Application Quantifies Carbon Sequestration Of Urban Trees
U.S. Forest Service scientists at the Center for Urban Forest Research are providing online software that can show users how much carbon dioxide an urban tree in California has sequestered in its lifetime and the past year.
The Tree Carbon Calculator is free and programmed in a Microsoft Excel spreadsheet that provides carbon-related information for a single tree in one of six California climate zones. It is the only tool approved by the California Climate Action Registry’s Urban Forest Project Reporting Protocol for quantifying carbon dioxide sequestration from tree planting projects.
It can be found at the U.S. Forest Service Climate Change Resource Center Web site, http://www.fs.fed.us/ccrc/topics/urban-forests/
In addition, the tool is available on the Center for Urban Forest Research Web site, http://www.fs.fed.us/psw/programs/cufr/
Users enter information such as a tree’s climate zone, species name, size or age. The program then estimates how much carbon dioxide the tree has sequestered in the past year and its lifetime. It also calculates the dry weight of the biomass that would be obtained if it were removed.
Trees planted near buildings to cut heating and cooling costs require additional inputs because they also reduce the greenhouse gases power plants emit while generating electricity. The Tree Carbon Calculator automatically calculates power plant reductions using emission factors for local utilities.
“The Tree Carbon Calculator is easy to use and provides quantifiable incentives for tree planting and stewardship projects,” said Greg McPherson, director of the Center for Urban Forest Research. “Anyone from homeowners to certified arborists can use it.”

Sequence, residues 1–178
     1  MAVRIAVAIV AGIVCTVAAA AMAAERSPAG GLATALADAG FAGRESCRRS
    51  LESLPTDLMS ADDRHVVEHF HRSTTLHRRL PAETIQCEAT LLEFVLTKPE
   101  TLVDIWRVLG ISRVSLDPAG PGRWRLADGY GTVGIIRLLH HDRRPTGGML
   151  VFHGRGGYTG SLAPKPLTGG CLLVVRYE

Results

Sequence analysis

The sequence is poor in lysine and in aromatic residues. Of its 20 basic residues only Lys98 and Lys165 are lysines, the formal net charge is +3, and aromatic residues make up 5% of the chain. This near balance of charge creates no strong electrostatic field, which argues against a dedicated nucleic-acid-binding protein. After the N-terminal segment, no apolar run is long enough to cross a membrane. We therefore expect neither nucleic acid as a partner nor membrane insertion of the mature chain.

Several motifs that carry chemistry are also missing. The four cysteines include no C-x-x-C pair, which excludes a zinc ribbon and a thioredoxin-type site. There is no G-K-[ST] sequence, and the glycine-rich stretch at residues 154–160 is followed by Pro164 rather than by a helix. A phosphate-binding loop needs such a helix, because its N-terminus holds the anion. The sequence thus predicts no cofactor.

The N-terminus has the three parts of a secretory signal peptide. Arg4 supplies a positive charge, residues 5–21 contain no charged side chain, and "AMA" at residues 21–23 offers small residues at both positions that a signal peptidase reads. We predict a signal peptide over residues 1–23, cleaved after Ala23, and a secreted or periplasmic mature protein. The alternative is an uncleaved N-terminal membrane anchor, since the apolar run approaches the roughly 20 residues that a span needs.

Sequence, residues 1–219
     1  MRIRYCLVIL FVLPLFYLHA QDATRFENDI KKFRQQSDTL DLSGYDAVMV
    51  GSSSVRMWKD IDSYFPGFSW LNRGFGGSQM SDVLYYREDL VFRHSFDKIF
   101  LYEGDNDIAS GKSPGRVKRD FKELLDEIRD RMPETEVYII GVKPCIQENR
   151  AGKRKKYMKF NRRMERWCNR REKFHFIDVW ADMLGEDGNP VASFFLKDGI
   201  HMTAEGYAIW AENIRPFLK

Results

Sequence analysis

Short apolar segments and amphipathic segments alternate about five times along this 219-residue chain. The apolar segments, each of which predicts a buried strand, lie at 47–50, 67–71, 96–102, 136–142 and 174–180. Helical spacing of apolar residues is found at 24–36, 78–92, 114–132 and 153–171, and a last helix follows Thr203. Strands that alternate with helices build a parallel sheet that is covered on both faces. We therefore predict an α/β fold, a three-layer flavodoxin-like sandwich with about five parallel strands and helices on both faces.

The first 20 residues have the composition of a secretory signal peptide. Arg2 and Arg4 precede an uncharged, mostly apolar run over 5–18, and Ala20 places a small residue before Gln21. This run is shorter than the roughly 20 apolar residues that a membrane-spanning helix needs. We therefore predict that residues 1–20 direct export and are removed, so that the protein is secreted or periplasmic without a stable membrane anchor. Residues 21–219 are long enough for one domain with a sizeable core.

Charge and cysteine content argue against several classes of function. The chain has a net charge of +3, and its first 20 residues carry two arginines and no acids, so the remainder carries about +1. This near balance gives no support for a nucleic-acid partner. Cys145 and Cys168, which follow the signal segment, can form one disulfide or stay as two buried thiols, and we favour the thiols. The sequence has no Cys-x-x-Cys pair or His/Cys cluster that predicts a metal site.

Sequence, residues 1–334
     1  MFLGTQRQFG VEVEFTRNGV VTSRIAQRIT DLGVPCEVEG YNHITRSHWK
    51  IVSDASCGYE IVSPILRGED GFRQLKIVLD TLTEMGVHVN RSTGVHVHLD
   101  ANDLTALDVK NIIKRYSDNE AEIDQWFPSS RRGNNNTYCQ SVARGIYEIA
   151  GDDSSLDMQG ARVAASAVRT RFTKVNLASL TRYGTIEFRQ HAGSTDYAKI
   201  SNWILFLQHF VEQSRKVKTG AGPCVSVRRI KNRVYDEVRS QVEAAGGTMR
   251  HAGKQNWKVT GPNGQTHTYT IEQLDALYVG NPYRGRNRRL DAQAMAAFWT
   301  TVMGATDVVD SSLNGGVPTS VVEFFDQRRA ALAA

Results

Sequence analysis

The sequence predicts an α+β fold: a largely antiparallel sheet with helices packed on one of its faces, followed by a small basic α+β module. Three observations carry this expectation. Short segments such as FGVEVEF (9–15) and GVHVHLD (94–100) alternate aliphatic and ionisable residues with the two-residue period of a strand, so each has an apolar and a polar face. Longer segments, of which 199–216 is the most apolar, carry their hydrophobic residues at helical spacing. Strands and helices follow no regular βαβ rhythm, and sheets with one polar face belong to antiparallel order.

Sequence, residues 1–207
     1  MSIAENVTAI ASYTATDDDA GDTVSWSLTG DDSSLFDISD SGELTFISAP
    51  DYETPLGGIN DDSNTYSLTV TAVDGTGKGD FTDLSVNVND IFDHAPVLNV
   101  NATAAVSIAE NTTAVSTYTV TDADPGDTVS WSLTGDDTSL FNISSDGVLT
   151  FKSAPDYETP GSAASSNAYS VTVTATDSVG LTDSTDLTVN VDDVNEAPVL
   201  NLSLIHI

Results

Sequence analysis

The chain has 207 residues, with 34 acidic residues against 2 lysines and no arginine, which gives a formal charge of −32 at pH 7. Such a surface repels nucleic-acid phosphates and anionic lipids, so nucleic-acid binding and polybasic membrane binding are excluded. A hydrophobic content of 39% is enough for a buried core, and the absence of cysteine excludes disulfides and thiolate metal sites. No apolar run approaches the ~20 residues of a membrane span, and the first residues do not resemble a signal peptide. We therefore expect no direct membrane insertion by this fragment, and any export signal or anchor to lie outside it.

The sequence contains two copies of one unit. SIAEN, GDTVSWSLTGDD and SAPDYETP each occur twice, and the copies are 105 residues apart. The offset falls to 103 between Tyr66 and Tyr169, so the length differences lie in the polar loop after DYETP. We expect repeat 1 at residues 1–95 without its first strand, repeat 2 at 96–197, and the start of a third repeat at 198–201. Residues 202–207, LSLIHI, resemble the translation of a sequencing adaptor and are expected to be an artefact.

McPherson and his colleagues measured the size and growth of 5,000 trees in the six climate zones to determine how much carbon dioxide the trees sequestered and stored.
The scientists determined tree shade effects on building energy performance by conducting more than 12,000 simulations that examined combinations of tree sizes, building locations and architectural styles for each zone.
“Microclimates, building characteristics and other factors can vary greatly within the six climate zones,” McPherson said. “But, this software demonstrates the feasibility of a tool that quantifies the effect of urban trees on building energy performance.”
In 2009, the Center for Urban Forest Research will add data for tree species in climate zones across the nation, McPherson said.
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